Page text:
“We do use grinders at our pump stations, but they can’t always keep up with it,” Leonard said. “Sometimes even the grinder goes offline because it gets messed up by wet wipes.”
Wipes also absorb grease (which some are designed to do) and are a primary component of “fatbergs.” Fatbergs form when people dump cooking fat or grease down the drain – “another big no-no,” Leonard said – and it mixes with other insoluble items and solidifies. Sometimes they harden to a consistency similar to concrete.
Removing fatbergs is time consuming and costly. Crews spent weeks working to remove a whopping 130-ton, rock-solid fatberg from London’s sewers in 2017. New York reports spending $18.8 million each year to degrease and unclog sewers affected by fatbergs, repair plant equipment damaged by non-flushable items and transport the items to landfill.
Sewer clogs are difficult to pin solely on disposable wipes, so it is challenging for wastewater management agencies to estimate their direct cost to the system. But they note that cleanup and maintenance costs associated with wipes are undoubtedly growing.
Costs initially are incurred by a city, but it indirectly makes its way to residents as well.
“Over time, there is a cost associated with that, and that added cost is going to have be made up by the rate payer,” Veolia’s Oldewurtel said.
It could also have a cascading effect into other areas. “If we have to do that cleaning more frequently because of the wipes, then that means you’re not spending the money somewhere else and you’re going to have other operational and maintenance issues,” he said. Costs mount further when considering the number of people that have had to hire services to remove wipe clogs from their residential plumbing and sewer service lines, he said.
Kansas City and Cincinnati each have smart sewer programs that use sensors to continuously gather data about the stormwater and wastewater system to determine capacity and manage flows. Thus far, those sensors are not specifically used for detecting wipe blockages or fatbergs. They can detect sewer overflows, but it is up to agency employees to find the source. Agencies report that wipe blockages are usually found through regular maintenance inspections, or during system alerts and through citizen calls when overflows occur.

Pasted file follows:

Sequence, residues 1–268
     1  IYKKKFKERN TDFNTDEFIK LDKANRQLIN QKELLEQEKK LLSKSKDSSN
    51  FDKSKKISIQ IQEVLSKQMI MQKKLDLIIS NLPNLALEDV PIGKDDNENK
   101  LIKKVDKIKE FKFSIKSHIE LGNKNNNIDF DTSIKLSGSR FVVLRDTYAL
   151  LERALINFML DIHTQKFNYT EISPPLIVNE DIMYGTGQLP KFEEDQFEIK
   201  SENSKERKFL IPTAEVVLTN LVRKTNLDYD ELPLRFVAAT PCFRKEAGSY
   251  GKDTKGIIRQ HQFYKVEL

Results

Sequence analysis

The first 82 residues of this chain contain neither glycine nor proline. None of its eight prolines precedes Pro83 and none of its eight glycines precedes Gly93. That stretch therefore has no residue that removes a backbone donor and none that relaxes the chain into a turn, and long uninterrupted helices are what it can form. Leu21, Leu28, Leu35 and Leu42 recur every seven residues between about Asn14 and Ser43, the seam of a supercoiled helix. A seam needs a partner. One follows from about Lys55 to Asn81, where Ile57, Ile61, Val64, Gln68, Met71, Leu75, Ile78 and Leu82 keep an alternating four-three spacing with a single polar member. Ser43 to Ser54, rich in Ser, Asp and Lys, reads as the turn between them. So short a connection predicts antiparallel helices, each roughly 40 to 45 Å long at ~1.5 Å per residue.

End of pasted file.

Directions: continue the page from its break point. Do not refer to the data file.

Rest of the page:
“We want to detect blockages because we don’t want sewage going directly to the river. That’s what it will do if it runs up in sewers and overflows,” O’Kelley said. That’s especially the case during rainy periods when stormwater competes with wastewater for space in the sewer system.
“The river goes to the ocean… Do you really want your sanitary products in the ocean?” he said.
The wastewater management agencies in Kansas City and Cincinnati were among the early adopters of disposable wipe public education campaigns. Dozens – if not hundreds – of other communities large and small, including Chicago, Boston, and King County in Washington, followed suit or ramped up their intensity in March due to an increase in wipe usage sparked by coronavirus.
— Mayor Marty Walsh (@marty_walsh)
Educational campaigns frequently stick to the easy-to-remember message urging people to only flush the “three Ps”: pee, poop and (toilet) paper. The Metropolitan Sewer District of Greater Cincinnati incorporated emojis to keep its messaging lighthearted.
“We didn’t want to take a heavy-handed approach to it,” Leonard said.
Some agencies say it’s time for wipe manufacturers to step up and change. Manufacturers perpetuate consumer confusion about proper product disposal and bad habits when they label their products as “flushable.” Wastewater management agencies stress the stark difference between “can” and “should” when it comes to flushable materials.
“Technically, just about anything ‘can’ be flushed. A cell phone ‘can’ be flushed. But it doesn’t break down,” Leonard said.
Wipe manufacturers and retailers have become the target of numerous class action lawsuits over the past several years as cities take measures to protect their infrastructure. New York City and Washington, DC are two cities that moved to pass regulations requiring packaging for disposable wipes to bear “do not flush” warnings.
Last week, Washington Gov. Jay Inslee signed a first-of-its-kind law requiring “do not flush” logos on disposable wipe packaging. It will take effect in 2022. Similar legislation has been introduced in both chambers of the Minnesota legislature.
Wastewater management agencies say they plan to continue their “no wipes in pipes” campaigns in the coming weeks as the coronavirus pandemic endures. Meantime, they hope manufacturers will get the message of how harmful disposable wipes are to city and residential infrastructure and voluntarily develop better product designs.
“We need the cooperation of consumer product designers and manufacturers. The creativity of the private sector has to be employed to come up with some medium-ground where these wipes break down in the sewers,” Rhode Island DEM’s Patenaude said. “We put men on the moon – we can create wipes that break down in sewers.”